Only scenes that took place in the darkness are now clearly visible to the infant spirit. It sees shadows tremble, as though stirred by the wind, and hears echoes from the past drift through the now windowless and roofless house, and linger near a patch of mosaic still stuck to a crumbling wall. The yard is pitch black, and empty, apart from a date tree which lies bent over the ground, a few leafless branches rising from its trunk . . . Father said that when he found out that Mother was pregnant for the second time, he planted a date tree in the yard to ensure the child would be a son, and buried a longevity locket in the soil beneath to grant the child a safe birth. Mother said that before the date sapling was planted, she took it to Nuwa Cave and rubbed it across the sacred crevice so that, in years to come, all her children would be born under the tree and receive Goddess Nuwa’s blessing. Father also mentioned that in the secret dugout under Nannan’s bed there is a red lacquer chest containing an ancient edition of Confucius’s Analects and a bound volume of the Kong family register. The red chest is still there, buried now under the smashed bed and the thick rubble of a bulldozed wall. Piercing black eyes of mice glint through the weeds and broken roof tiles above.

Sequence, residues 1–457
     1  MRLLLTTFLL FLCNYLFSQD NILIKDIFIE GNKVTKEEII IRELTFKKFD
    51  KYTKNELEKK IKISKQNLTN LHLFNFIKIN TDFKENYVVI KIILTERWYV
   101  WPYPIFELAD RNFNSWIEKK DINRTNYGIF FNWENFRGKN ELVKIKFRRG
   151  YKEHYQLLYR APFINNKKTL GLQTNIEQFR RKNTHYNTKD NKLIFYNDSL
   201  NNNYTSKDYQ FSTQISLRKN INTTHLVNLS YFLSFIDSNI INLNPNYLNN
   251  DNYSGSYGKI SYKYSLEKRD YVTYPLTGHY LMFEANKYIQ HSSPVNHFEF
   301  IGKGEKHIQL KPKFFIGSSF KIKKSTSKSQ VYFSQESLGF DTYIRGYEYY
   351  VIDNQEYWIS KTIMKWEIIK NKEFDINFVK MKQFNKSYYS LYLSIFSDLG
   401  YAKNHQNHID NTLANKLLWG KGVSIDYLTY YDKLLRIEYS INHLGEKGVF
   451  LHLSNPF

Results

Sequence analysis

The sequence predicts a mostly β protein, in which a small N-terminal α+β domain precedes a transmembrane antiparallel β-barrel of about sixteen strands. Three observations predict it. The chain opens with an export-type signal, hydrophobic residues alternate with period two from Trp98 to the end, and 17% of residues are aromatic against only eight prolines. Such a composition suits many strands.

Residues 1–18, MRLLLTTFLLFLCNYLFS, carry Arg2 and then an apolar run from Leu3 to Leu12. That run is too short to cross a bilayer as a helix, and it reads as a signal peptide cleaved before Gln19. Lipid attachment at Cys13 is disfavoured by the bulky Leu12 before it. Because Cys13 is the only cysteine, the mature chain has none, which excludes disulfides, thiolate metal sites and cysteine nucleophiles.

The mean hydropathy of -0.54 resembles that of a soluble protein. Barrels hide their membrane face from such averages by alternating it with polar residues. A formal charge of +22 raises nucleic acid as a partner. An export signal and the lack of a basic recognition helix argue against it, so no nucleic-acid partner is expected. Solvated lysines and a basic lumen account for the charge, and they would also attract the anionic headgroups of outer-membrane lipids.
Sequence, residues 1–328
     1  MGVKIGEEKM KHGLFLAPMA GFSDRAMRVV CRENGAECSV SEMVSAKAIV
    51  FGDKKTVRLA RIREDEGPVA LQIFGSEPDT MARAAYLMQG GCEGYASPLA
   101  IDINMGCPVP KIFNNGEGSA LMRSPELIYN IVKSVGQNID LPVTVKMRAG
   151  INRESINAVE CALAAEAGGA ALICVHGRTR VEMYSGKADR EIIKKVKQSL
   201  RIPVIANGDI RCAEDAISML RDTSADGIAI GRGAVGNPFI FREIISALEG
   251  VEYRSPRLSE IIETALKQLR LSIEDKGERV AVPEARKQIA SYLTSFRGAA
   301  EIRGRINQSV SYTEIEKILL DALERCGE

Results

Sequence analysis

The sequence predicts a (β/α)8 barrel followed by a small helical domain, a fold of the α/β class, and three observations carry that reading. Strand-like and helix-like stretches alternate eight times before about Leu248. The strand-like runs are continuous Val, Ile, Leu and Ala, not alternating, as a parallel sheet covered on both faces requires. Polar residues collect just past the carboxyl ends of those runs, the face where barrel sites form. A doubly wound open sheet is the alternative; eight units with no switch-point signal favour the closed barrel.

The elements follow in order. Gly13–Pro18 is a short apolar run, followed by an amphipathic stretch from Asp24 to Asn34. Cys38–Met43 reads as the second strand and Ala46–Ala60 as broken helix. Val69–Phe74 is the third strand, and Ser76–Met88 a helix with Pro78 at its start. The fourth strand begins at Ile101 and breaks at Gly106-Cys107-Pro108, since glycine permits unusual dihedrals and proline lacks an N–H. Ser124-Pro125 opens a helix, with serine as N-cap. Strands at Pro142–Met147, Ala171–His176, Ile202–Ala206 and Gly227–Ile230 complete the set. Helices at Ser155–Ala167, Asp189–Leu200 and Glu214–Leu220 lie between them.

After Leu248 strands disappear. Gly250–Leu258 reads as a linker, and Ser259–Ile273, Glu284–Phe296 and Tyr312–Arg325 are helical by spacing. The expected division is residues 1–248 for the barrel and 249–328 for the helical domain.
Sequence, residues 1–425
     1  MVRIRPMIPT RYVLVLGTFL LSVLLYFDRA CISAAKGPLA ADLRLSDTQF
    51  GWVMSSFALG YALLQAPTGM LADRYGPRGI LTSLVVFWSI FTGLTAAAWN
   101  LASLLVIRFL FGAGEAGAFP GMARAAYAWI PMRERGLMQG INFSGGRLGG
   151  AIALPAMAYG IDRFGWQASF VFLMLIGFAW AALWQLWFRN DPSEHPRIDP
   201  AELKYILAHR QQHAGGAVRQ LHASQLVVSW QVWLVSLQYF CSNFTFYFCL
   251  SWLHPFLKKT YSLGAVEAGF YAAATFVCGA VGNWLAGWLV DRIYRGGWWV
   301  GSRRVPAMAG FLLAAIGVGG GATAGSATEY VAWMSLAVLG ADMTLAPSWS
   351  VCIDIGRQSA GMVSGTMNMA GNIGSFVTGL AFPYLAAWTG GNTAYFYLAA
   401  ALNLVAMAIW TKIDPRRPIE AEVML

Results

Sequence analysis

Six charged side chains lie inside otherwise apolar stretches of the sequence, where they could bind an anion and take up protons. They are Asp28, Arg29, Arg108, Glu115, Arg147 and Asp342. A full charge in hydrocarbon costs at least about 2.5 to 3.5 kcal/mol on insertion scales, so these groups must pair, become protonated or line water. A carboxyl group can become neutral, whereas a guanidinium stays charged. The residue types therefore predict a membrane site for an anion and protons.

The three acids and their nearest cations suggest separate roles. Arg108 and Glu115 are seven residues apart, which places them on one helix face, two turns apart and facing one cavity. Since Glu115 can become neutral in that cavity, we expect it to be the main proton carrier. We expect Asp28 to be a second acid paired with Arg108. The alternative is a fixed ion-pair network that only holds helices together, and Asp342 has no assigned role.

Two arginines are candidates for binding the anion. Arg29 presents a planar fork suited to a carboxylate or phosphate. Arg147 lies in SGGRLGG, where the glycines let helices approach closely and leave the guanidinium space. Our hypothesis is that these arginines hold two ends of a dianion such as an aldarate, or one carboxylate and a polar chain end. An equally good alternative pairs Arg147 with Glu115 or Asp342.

In the lane behind, a willow tree rises from a mound of singed cobs like a graceful fairy frozen mid-dance. Further away, beyond a red compound wall, are two small osmanthus trees and the public road that leads out of the village.
"In 'The Dark Road,' as in “Beijing Coma,” Mr. Ma is adept at jolting our senses, transporting us, with a few words about a pain, a taste or an odor, to those parts of China, and millions of people, who exist on the far fringes of the economic miracle. "—The New York Times
"[Ma Jian's] characterization is superb. A devastating critique of China's oppressive communist regime."—Mail on Sunday
"Ma's work is a vital corrective and he writes here with insistent, focused anger."—Metro
"All of Ma's skill and playfulness are on display as the novel builds to a climax."—The Guardian
"A compellingly dark novel."—Glasgow Sunday Herald